And so we’re typically replacing portals, shared drives, content management systems that people don’t like to use and we’re also helping them combine multiple types of content into seamless presentations. So, a lot of times what people will have is that they’ve got, you know, they’ve got PDF’s and sell sheets and things like that, that they use for part one of their sales process and then they’ve got presentations (Powerpoints) and then they might have some video content. Combining those things is very hard to us when you’re just using the desktop tools provided by Microsoft but within Mediafly, it’s literally drag and drop, point and click type of experience to create a seamless presentation using all those types of materials.

John

How often are you finding homegrown systems that are attempting to provide a mobile sales experience and the need to replace that or improve that technology?

Matt

So we used to run into homegrown applications quite a bit, I’d say four or five years ago, they were very popular when things like the iPad first came out. A lot of sales organizations looked to homegrown solutions as a way to push content out to those devices. With the development of sales enablement applications and mobile enablement applications like Mediafly, the cost of doing homegrown now, far exceeds what it’s going to cost you to purchase a solution from a solutions provider like Mediafly and Synthesis. So we’re seeing that a lot less than we used to. Many of the solutions that we were replaced in our customers are those old legacy systems, either systems that they tried to make mobile or systems that just weren’t mobile at all but they were things that… might be a portal, a sales portal where they would put up all their content really a place that download content locally to a machine and then go out and doctor it up and change it in an uncontrolled way and present it to their customers.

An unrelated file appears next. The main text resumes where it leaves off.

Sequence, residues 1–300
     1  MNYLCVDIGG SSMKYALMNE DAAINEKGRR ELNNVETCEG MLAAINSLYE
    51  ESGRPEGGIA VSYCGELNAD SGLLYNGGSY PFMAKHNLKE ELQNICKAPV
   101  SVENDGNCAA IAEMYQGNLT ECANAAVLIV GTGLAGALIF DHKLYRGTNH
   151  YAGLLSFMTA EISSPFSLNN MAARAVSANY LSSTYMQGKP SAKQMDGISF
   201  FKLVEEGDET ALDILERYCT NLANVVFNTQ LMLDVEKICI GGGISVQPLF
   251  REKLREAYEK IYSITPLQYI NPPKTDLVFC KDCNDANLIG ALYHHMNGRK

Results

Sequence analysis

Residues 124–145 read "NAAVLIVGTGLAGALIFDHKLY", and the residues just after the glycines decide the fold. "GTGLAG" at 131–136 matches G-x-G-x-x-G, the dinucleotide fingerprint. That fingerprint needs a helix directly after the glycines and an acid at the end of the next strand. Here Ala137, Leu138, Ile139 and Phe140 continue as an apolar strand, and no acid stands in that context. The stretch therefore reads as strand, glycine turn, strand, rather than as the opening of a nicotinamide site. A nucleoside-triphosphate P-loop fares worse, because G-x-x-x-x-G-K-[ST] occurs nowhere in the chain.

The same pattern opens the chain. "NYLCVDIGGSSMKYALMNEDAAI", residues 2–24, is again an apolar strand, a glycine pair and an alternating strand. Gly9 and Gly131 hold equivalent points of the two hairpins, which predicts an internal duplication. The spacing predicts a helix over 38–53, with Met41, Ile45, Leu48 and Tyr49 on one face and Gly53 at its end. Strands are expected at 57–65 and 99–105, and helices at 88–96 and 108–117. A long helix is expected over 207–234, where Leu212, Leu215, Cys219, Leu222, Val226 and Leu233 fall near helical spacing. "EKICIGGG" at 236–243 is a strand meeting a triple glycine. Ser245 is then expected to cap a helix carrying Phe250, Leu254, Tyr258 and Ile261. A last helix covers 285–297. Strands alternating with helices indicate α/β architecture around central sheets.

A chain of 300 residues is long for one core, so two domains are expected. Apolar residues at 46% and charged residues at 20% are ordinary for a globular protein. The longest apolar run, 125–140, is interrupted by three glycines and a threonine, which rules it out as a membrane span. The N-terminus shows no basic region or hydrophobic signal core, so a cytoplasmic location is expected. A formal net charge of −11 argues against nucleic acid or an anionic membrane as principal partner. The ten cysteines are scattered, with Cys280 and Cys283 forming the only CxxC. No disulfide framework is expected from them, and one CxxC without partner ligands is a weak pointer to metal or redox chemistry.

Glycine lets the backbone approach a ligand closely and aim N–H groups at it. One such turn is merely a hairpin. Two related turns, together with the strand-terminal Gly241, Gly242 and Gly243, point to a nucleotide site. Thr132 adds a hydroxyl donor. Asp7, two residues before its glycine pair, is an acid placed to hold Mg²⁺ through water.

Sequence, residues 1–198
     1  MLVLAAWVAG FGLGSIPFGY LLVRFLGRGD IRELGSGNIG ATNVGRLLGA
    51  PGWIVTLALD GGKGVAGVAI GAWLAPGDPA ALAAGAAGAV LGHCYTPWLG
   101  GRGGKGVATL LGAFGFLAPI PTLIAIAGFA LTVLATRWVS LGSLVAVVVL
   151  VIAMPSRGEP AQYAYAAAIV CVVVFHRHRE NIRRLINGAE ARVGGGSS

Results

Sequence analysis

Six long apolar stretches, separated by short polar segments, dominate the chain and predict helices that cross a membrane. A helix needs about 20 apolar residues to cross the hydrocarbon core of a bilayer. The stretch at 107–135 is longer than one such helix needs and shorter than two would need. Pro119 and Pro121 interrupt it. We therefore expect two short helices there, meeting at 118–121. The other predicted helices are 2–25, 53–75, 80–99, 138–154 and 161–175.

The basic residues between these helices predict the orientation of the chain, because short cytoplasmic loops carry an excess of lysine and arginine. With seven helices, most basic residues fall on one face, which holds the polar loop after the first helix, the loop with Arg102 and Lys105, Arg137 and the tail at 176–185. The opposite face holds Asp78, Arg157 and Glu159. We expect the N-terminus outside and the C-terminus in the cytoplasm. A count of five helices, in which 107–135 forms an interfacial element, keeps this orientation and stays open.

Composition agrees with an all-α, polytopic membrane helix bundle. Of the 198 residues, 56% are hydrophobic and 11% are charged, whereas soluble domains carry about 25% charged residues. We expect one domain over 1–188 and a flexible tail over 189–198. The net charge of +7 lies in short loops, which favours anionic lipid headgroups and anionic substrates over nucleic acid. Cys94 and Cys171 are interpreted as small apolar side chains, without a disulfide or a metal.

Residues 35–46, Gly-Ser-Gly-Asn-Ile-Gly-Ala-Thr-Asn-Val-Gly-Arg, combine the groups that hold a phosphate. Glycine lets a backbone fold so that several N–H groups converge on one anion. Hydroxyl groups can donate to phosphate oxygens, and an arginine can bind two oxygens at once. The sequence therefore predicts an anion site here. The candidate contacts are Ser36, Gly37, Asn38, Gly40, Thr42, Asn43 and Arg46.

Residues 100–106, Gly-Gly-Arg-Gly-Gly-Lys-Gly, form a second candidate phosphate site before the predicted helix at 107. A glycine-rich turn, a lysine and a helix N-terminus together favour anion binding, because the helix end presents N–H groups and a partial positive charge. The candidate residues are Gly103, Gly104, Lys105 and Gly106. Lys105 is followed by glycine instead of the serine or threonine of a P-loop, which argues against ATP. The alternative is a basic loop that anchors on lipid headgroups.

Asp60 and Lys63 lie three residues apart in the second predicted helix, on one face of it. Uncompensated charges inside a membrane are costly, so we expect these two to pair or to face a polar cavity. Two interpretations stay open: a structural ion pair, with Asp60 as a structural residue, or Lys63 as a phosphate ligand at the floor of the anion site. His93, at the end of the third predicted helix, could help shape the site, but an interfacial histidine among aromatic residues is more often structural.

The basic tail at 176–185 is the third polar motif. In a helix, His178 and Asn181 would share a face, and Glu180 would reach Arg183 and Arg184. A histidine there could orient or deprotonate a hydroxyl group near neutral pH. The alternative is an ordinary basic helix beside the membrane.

John

Most of the systems I’ve seen like that operate principally off of static material, really it’s a way to share fact sheets and PowerPoint materials. I understand your system allows much more dynamic sets of material, much more interactive and multimedia. What are some good use case stories of how you’re using interactive and multimedia capabilities for clients?

Matt

Yeah, so we have customers that do things you might call guided selling so as their interactive experiences whereas I’m talking to the client, I’m collecting some input from the client and that input informs the rest of the conversation with the customer. So an example of that would be you know, like a financial planner, could be collecting content from a client and that’s informing what solutions that financial planner would suggest to that customer. We have, in the case of SAP Ariba, they have a discovery process where they ask the client about their business, about the areas of spend they have within that business and it overlays some metrics that SAP Ariba knows already. And that basically helps create a playbook for that customer. We’ve also got cases in the consumer package goods industry where the customer provides some input during the presentation and that will later be used to build out the business case for promotion or the addition of products to their shelves in stores or something like that.

John

Tell us your “battle of the taps” story. I’ve always liked that one.

Matt